Washington, Jan 30: Over-the-counter cold medications are responsible for more than 7000 children in the US getting rushed to emergency wards every year, according to a nationally representative study.
Researchers said a majority of problems occur in children in the age group of two to five years ''who get into the medications on their own''. The USFDA was considering to restrict further the use of such paediatric products. Last year all such products were voluntarily withdrawn by the industry for children younger than two but it was claimed that the products were safe and effective for older children.
Nearly 80 per cent of the cases in the age group of two-five years involved situations where children used the products without their parents knowledge. But in the remaining cases, either the parents gave the wrong dose or a correct dose produced an adverse reaction.
Ninety-three per cent of the cases did not require the children to be hospitalised, but about seven per cent required additional treatment. The researchers did not know whether any children died.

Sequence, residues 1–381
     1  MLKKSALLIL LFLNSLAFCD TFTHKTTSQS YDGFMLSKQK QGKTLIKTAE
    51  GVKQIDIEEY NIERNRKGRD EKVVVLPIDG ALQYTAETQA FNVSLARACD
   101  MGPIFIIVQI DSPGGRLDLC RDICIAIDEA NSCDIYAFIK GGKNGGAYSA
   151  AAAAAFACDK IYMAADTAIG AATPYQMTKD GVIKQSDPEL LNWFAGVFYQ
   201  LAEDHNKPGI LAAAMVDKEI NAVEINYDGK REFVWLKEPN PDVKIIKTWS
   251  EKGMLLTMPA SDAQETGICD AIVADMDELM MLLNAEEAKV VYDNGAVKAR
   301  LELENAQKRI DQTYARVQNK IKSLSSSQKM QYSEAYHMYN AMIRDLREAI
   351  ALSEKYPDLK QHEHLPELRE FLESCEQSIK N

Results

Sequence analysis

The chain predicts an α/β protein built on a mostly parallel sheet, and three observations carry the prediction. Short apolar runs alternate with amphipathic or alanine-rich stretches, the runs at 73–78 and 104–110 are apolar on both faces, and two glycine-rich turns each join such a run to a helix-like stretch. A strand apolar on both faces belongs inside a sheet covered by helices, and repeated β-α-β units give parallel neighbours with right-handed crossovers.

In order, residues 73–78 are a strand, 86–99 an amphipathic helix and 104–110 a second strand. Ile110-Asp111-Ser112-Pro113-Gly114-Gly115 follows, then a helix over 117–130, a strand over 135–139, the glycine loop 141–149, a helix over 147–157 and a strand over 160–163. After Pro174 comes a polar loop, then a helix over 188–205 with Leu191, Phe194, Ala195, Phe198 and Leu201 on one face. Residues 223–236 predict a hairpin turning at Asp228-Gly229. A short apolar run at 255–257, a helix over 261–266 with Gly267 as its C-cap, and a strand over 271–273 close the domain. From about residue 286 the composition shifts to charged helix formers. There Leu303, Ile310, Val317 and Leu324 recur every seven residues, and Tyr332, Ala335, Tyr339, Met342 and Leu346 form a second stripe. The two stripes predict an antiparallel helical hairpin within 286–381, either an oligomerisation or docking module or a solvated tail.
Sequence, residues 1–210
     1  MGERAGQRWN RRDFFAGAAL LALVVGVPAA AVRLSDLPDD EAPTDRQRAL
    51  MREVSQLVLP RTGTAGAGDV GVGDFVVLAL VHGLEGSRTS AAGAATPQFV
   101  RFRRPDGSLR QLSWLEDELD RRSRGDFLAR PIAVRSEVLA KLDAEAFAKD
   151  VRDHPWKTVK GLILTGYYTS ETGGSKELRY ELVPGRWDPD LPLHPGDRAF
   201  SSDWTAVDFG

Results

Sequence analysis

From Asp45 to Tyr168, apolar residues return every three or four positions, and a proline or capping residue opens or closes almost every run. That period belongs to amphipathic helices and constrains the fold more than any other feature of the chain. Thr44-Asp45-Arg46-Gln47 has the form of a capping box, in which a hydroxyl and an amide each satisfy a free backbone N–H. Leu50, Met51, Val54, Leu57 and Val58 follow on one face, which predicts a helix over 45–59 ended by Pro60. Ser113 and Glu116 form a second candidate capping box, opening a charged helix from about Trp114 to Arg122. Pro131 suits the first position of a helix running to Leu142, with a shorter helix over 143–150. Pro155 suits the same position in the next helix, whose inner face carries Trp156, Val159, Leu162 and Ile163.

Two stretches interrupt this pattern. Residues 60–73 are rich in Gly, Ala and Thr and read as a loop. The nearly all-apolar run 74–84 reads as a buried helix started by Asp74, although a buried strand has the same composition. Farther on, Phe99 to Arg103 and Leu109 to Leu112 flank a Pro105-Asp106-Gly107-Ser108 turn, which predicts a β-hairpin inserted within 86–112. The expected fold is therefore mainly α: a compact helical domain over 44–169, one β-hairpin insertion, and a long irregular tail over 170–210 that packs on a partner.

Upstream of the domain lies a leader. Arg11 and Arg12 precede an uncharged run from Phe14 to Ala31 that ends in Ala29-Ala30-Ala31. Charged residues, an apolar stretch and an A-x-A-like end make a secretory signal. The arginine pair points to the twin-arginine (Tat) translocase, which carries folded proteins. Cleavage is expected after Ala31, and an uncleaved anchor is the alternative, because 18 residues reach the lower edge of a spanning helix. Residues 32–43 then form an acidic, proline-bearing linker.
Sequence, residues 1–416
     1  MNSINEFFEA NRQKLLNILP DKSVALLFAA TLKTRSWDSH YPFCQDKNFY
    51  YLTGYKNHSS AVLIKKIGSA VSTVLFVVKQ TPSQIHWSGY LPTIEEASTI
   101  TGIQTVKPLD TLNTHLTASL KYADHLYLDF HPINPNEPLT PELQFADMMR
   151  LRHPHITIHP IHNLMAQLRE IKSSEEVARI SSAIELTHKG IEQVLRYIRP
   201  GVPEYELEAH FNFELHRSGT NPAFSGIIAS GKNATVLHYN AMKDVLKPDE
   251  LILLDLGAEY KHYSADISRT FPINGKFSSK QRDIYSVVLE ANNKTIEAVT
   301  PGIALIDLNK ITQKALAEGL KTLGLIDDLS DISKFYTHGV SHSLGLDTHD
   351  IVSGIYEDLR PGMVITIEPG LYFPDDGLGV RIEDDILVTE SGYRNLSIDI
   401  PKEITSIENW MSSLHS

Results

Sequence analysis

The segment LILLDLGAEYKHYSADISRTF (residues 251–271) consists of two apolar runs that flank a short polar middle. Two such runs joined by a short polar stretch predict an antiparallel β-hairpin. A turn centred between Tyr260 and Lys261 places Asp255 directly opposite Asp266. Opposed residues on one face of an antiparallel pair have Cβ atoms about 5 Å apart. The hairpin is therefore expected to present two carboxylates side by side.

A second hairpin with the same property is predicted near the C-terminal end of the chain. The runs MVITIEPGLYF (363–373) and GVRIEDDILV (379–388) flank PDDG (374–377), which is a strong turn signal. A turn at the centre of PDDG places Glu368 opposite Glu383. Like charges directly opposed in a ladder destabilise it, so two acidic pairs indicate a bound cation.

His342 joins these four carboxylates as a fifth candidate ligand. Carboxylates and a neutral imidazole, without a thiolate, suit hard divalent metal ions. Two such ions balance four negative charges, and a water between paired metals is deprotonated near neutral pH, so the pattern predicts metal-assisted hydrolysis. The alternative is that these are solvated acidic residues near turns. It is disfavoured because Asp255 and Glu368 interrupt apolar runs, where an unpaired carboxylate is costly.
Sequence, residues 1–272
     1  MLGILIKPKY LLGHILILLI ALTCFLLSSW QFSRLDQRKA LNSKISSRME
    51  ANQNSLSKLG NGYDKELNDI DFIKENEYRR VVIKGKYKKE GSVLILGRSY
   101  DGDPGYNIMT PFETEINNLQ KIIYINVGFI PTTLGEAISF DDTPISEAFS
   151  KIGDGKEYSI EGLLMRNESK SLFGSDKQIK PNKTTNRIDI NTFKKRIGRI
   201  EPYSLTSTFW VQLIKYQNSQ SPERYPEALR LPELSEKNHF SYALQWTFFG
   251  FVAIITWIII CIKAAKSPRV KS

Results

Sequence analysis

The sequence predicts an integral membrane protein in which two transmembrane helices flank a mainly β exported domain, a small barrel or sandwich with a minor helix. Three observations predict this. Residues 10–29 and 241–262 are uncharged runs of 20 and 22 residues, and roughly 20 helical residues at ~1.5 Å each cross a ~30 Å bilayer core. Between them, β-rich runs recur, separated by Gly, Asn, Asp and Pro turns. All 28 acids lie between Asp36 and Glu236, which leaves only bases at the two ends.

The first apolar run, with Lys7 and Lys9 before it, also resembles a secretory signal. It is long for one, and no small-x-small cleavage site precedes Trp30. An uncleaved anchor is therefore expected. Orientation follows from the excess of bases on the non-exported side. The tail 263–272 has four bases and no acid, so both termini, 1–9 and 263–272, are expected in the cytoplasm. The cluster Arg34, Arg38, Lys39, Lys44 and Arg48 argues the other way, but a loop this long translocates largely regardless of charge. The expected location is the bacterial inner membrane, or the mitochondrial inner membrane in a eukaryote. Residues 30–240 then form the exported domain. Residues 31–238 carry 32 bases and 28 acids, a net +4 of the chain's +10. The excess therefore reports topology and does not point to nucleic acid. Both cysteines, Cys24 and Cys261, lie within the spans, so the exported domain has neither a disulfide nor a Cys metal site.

''Anytime a child ends up in the emergency department because they had access to a bottle of medication, that is a problem that could be prevented,'' Daniel S. Budnitz of the federal Centers for Disease Control and Prevention (CDC), which conducted the research, was quoted by the Washington Post as saying.
The report, published online yesterday by the journal Pediatrics, is the first attempt to get a nationwide estimate of the extent of the problems.
The researchers recommended encouraging parents to make sure products are kept capped and out of reach, designing better child-proof containers and avoiding colours that make the products look appealing to children.